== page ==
Is Zika still an issue or am I OK to travel to South America?
Your chances of getting Zika in South America are very slim. Using data from the European Centre for Disease Prevention and Control, the gambling website casino.org calculated the chances of getting Zika as 1 in 250,000 for a tourist going to the Rio Games – compared to the chance of being struck by lightning of 1 in 175,000. What’s more, you’re fine in Chile; the Aedes mosquito that carries the virus doesn’t exist there – nor in northern Europe, so we’re unlikely to see a mass outbreak in the UK.
And avoiding South America isn’t necessarily going to help because Zika has now been found in mosquitoes as far afield as Florida, Fiji and Singapore. Of the 244* cases confirmed in the UK, the vast majority were contracted by travellers to the Caribbean. Around 60 global destinations* are now considered high risk by the Foreign Office, and pregnant women are advised to avoid these because Zika can cause microcephaly and other potential birth defects.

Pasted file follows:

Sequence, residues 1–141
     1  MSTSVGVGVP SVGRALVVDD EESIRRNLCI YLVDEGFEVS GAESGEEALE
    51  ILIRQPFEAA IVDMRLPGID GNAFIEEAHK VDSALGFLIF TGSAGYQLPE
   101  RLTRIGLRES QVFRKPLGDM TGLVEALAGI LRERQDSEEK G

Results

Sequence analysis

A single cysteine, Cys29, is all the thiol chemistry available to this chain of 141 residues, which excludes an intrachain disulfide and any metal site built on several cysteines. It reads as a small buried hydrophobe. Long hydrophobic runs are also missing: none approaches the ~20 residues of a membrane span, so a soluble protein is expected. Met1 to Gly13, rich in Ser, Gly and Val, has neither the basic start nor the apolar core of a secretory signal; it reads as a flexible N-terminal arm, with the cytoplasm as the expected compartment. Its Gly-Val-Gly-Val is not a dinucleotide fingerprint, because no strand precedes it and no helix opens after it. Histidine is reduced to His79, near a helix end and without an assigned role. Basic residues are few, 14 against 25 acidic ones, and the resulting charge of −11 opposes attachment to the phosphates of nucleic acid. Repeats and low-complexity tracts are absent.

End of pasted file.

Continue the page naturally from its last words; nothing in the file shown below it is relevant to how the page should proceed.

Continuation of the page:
For the rest of us, the World Health Organisation says to cover up, wear a repellent containing DEET, IR3535 or Picaridin, and avoid unprotected sex at the destination and for six months after returning from a Zika area. The latter is because it’s unclear how long the virus stays in the body and most people don’t display any symptoms, so you might not know you have it.
If you do have symptoms, which might include headache, fever and rash, they will likely be mild and disappear in about a week, although in rare cases, the virus can lead to Guillain-Barré syndrome, a serious condition of the peripheral nervous system, and potentially to other neurological conditions. Unfortunately, there isn’t yet an approved vaccine for Zika, but early trials have shown promising results, so hopefully a preventative jab will be available in the near future.